Monday, November 30, 2015

This just about sums it up, don't you think?

MUG: Giant barrel-style mug (sixteen ounces), made in China for Home Essentials.

COFFEE: Not coffee, but Popular™ Mexican hot cocoa. In my opinion, it's the best of the type.

NOTE: I don't believe there's any point in discussing this post. The issue is settled.

Wednesday, November 25, 2015

Stealing Hope.

MUG: Cafeteria-style mug from the late 1960s, early 1970s. No manufacturer info, but a faint impression of "U.S.A." in large letters on the bottom. The imprinted logo decoration has faded badly. A really pleasant, if not stylish, drinker. Good weight, sturdy handle, and nice 'lip' feel.

COFFEE: The Las Mingas Caturra coffee from Colombia's Huila region. Roasted by Cuvee Coffee. Thankfully, they mail it out so I don't have to drive into hell to buy some.

NOTE: Paul Klipsch used to hand these to visitors in his office in Hope, Arkansas. He wouldn't tell them whether it was a gift or not, leaving his guests with a sense of discomfort. If you don't know who Paul W. Klipsch was, you should.

Wednesday, November 11, 2015

Game. Set. Match.

MUG: Spanish Waechtersbach, imprinted for the Art Institute of Chicago. As an artist/art historian friend of mine said (paraphrased), "The thing I like most about Modernism is the artists' signatures."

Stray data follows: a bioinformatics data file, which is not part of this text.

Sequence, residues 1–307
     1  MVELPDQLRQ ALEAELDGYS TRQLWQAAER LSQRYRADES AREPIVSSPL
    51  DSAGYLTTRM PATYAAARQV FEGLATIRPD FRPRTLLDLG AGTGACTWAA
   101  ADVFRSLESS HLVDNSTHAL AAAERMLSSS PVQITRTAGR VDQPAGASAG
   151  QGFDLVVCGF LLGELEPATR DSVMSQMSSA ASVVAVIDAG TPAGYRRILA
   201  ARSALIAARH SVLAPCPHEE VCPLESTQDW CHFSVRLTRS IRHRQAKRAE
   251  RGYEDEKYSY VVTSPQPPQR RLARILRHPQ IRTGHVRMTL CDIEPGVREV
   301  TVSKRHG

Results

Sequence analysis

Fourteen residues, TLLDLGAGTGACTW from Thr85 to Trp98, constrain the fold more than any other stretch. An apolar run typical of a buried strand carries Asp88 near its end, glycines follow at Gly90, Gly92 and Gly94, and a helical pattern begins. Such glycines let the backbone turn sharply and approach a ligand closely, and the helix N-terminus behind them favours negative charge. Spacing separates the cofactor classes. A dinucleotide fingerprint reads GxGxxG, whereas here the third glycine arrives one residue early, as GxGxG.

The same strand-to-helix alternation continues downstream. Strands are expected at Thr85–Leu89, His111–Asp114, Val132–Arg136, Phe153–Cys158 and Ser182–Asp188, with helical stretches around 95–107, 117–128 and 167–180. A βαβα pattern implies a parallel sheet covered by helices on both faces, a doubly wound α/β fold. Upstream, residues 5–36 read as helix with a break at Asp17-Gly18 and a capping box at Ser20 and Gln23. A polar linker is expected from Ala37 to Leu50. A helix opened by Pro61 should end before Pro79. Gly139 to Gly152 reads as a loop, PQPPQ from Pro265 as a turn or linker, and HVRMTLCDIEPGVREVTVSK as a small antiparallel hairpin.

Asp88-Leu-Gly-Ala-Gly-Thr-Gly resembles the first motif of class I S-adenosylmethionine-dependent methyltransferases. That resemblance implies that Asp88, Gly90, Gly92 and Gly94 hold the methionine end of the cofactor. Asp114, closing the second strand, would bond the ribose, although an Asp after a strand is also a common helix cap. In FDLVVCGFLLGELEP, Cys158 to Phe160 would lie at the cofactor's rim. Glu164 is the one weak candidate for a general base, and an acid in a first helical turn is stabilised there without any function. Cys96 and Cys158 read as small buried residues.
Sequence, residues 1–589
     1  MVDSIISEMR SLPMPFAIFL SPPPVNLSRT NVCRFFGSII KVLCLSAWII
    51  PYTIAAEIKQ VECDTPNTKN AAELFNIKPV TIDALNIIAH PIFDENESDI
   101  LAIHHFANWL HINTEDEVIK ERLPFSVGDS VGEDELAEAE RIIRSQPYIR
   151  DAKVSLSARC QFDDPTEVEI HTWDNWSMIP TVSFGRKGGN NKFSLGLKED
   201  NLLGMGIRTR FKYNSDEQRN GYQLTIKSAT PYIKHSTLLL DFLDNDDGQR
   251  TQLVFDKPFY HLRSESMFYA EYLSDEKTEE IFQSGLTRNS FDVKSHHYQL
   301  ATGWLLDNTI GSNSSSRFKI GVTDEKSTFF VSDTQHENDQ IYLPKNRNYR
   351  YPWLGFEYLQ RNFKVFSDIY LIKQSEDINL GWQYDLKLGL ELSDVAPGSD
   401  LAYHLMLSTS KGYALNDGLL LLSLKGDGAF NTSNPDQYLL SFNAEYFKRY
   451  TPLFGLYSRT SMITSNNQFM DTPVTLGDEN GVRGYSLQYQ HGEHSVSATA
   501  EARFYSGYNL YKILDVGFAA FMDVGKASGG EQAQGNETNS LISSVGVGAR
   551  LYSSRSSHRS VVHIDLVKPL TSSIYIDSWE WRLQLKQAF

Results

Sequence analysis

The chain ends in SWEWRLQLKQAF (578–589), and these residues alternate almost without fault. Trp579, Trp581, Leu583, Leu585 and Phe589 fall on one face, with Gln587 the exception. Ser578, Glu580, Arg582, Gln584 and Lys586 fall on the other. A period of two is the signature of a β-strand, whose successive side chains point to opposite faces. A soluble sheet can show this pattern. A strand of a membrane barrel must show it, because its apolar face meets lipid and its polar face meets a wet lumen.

All the usual stellar attributes of the Waechtersbach cylinder mug... now in stylish black, with red accents.

COFFEE: Las Mingas from Cuvee Coffee. "Milk chocolate aroma, lavender and brown sugar. Creamy body with a whiskey and pear finish. Located in Nariño, a state in western Colombia, the Las Mingas farms sit at about 6500 feet above sea level. These 'fincas' (farms) are only about 3 acres on average, often bounded by steep cliffs and natural waterfalls. The coffee itself is often shade-grown under a natural canopy of plantain, orange, and guamos trees."

Another Caturra coffee from Colombia's Huila region. I like these coffees.
Farm: Las Mingas
Region: Las Platas Huila
Country: Colombia
Varietal: Caturra, Colombia
Altitude: 1900m
Process: Washed
NOTE: I think I now have the complete edition. Red, White, Blue, Grey, and now Black. Am I missing one?

Sunday, November 08, 2015

Turkish Delight? No... and that's a good thing.

MUG: Food-service stoneware, as served at The Leaning Pear in nearby Wimberley. Generic, heavy. Nicely styled and durable. Perfectly suitable.

COFFEE: Redbud Roasters Organic Fair Trade Coffee. No clue as to what the coffee beans are, as the menu simply identifies the roaster. I asked, but the waitress was new and she didn't know It was really quite busy so I didn't want to push her. She said that customers liked it, and commented that it smelled and tasted like Turkish coffee. Of course, that wasn't even close to the reality. It had a slight burned odor, indicating a dark roast, but the brew strength and flavor were standard American drip. It was good enough that I ordered a refill. I wouldn't buy any for home use, though. But for dining al fresco on a cool morning, it was perfectly suitable.